The gargantuan Phantom was the model that marked the Spirit of Ecstasy’s change of ownership from British to Bavarian and it’s hardly in keeping with the caring, sharing zeitgeist. It dwarfs everything else on the road at six metres long in stretched wheelbase guise. Its engine is four times the size of most hatchbacks’. And you’ll need a stout quarter of a million quid before you can be taken seriously in the showroom.
Does the market want such profligacy? You bet, says chairman and chief exec Ian Robertson. He claims there will always be a market for hyper-luxury cars, vehicles costing as much as houses, but with presence and panache that exceeds their telephone-number statistics.
“We are not isolated from world economic events,” he admits. “But we expect another record this year.”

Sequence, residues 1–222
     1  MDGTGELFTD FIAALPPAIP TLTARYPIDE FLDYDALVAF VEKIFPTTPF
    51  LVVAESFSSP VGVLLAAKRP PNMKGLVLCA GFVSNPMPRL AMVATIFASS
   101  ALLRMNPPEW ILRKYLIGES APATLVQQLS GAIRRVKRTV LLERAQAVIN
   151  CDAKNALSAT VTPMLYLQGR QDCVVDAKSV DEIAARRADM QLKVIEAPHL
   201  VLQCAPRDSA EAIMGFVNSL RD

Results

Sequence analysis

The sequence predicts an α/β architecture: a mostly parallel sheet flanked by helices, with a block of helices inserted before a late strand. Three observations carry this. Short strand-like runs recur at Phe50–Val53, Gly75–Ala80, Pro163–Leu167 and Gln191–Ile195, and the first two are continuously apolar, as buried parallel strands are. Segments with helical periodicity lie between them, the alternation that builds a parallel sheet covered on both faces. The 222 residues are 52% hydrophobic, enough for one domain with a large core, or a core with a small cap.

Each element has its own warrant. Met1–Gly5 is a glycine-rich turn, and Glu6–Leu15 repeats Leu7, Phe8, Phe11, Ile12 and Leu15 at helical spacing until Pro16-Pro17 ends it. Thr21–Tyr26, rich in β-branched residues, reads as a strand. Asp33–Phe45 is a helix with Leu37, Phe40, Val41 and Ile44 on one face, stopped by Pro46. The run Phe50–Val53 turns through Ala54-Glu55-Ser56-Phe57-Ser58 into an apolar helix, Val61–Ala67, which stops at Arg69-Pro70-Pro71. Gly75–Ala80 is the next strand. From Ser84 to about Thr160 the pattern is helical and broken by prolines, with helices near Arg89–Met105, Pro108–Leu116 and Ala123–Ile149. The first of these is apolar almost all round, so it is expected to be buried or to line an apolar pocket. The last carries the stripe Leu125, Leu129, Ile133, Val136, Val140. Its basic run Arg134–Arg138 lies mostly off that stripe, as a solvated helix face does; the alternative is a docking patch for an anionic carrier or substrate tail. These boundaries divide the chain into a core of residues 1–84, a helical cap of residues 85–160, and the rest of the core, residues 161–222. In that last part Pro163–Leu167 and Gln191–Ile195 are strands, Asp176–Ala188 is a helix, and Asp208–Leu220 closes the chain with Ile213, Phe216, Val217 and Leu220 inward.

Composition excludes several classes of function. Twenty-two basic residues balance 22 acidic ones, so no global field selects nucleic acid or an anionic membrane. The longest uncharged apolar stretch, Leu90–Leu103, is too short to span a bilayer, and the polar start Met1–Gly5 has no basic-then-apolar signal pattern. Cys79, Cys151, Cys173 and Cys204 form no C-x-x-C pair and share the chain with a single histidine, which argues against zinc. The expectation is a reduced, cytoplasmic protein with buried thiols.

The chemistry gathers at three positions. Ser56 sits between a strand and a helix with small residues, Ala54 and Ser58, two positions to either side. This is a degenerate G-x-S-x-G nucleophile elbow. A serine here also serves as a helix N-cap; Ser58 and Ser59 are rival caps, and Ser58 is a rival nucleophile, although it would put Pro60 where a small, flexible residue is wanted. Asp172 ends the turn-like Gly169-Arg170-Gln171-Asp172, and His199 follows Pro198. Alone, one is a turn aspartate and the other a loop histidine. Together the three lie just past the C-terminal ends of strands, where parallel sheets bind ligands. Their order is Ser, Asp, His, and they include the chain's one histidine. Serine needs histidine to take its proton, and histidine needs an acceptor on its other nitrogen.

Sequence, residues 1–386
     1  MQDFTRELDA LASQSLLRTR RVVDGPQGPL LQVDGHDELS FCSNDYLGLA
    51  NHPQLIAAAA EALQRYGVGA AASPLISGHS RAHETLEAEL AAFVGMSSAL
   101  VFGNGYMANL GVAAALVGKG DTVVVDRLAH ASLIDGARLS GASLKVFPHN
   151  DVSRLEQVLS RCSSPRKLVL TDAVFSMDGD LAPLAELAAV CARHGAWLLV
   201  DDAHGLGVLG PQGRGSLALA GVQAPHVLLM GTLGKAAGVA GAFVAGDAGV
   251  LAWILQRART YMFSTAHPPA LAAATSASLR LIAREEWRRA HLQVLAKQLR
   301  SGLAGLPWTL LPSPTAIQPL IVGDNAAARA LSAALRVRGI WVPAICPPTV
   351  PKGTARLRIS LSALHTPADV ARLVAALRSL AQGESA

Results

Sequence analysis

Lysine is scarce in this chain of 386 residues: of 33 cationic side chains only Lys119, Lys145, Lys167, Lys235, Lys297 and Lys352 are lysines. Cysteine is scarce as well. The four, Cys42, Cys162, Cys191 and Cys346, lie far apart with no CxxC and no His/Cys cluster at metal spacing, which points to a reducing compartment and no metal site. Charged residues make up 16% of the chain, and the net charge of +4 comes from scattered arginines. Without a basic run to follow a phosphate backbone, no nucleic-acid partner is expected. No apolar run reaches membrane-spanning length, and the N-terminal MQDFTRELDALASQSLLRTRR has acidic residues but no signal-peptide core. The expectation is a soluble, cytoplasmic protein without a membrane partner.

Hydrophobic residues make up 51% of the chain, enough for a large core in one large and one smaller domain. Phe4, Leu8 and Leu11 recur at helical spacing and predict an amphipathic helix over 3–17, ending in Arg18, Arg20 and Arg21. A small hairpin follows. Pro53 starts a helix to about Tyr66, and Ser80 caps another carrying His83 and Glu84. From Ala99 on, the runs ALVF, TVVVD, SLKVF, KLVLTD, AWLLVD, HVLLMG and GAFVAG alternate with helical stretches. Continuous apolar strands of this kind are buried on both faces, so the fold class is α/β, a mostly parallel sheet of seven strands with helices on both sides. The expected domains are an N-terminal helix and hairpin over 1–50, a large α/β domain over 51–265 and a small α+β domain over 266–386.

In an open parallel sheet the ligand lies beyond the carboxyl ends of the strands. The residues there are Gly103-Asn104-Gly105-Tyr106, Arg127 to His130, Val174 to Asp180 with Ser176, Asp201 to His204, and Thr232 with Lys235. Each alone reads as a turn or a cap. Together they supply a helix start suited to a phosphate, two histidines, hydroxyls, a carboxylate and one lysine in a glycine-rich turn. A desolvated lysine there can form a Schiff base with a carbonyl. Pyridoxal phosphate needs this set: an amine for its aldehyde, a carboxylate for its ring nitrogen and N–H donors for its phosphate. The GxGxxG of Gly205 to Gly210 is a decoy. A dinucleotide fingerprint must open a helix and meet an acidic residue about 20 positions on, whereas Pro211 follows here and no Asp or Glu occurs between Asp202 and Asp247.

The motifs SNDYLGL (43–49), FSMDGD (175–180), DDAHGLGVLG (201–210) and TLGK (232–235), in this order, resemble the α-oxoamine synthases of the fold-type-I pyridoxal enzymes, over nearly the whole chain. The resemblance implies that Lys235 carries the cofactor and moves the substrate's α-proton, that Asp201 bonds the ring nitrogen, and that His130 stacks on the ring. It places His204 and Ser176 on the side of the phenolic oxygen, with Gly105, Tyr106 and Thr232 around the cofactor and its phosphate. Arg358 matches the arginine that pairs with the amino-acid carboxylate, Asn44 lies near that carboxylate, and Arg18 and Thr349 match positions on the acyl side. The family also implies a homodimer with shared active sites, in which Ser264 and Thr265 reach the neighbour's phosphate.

To give you some idea of what we’re dealing with, consider that most customers for the brand’s latest launch, the Drophead Coupé, already own a Phantom. It’s not as if the soft-top’s roof is badly insulated; we’re talking about the super-rich here who simply must have the latest thing.
Rolls-Royce can’t stand still, though. Even aristocrats and captains of industry care about their image, and driving a 6.8-litre V12 could soon be as passé as teachers smoking in class. Surely Rolls will piggyback BMW’s hybrid technology before the end of the decade. And what chance a diesel? I’d wager the small(er) £160,000 Rolls-Royce coming in 2010 could be the brand’s first model to fill up at the black pump. Even plutocrats admire parsimony nowadays.